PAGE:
Chickens coming soon to Tampa backyards? Maybe. listen03/15/12 Janelle Irwin
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Tampa City Council is considering an ordinance that would loosen regulations on keeping chickens in backyards. At a regular meeting this morning, residents spoke on both sides of the argument.
Amanda Matthews supports relaxing regulations on backyard chicken ownership.
â€œTheyâ€™re a great source of more nutritious and humanely produced eggs. And theyâ€™re a great opportunity to teach our children where their food comes from, responsibility and stewardship.â€
The measure before Tampa council members could reduce the 200-foot rule. It requires chicken owners to keep their birds at least that far from their neighbor. But that idea doesnâ€™t sit well with Pete Johnson who asked council members to consider an ordinance with stronger regulations.
â€œThey do have diseases. They do spread the West Nile disease. They do spread mites; all sorts of problems. Being an HIV patient, I am very, very careful of this type of situation and I do feel that it is a public health situation.â€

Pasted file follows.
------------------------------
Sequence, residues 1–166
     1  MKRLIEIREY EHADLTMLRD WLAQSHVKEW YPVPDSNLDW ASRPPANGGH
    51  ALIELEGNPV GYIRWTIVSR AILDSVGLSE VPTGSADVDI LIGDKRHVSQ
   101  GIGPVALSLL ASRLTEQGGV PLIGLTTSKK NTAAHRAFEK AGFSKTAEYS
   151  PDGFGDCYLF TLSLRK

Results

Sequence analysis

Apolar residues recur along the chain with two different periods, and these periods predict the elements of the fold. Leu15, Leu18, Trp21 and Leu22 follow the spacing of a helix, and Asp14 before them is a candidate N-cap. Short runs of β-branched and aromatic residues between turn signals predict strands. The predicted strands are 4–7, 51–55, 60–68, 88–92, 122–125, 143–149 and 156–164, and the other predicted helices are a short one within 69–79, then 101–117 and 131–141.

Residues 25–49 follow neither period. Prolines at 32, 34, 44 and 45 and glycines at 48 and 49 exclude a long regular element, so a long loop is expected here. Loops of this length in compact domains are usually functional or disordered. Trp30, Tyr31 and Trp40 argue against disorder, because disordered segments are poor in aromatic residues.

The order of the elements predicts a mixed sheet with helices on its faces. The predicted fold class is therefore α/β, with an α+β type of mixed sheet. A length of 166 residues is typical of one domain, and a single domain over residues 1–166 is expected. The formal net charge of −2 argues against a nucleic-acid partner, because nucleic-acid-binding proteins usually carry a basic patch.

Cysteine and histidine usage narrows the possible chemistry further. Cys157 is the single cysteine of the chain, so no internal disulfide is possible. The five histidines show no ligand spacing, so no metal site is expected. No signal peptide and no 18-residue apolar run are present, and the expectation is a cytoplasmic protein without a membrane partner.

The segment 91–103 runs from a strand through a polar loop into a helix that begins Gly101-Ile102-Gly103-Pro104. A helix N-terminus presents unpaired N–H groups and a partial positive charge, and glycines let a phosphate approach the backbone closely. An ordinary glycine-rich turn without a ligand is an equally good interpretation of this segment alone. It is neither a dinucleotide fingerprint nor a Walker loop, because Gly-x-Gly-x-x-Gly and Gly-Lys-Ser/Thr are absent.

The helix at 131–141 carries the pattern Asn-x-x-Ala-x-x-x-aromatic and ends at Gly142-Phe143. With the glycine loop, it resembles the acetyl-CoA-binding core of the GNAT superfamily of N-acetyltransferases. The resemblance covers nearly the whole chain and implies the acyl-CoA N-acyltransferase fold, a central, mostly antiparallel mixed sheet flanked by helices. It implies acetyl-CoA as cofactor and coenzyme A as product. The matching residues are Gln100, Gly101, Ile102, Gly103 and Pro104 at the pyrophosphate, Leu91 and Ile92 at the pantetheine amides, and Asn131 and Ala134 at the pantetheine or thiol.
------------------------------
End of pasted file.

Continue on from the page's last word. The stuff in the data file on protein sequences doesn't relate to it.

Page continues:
Morris Flood considers himself something of an expert on chickens. He said claims that free range chickens present a health risk are unwarranted.
â€œLoose chickens would have less chance of being an enemy than caged chickens because theyâ€™ve got thousands of chickens in buildings. And you go in there and youâ€™ve got to use a mask, you canâ€™t work, feathers have dust and get in your lungs, gives you lung cancer.â€
Though Tampa currently has laws in place that make it difficult for homeowners with small backyards to own chickens â€“ most of the homes in the city â€“ they also have a tendency to look the other way. The code is only enforced if a complaint is made. Thatâ€™s exactly what happened to John Rivera, who was told to get rid of the chickens by code enforcement. He misses his chickens.
â€œAnd that kind of left us in a situation where we had to give up our children, our friends because we donâ€™t have children together. All we really have is our chickens, our dog and our cat and a little turtle. These guys would give you joy in the morning because you know they got up at a certain time and they depended on you to open the gates so they could get inside to their roost â€“ and roost. They produced good eggs for you and they were friendly. They didnâ€™t destroy anything; they didnâ€™t cause any harm. And they didnâ€™t go out into anyoneâ€™s yard; never were loose. None of my neighbors ever complained about them.â€
Council members did not vote on the measure after hearing from a handful of speakers. Instead, the matter will be taken up at a workshop on April 26. Public comment will be accepted at that meeting.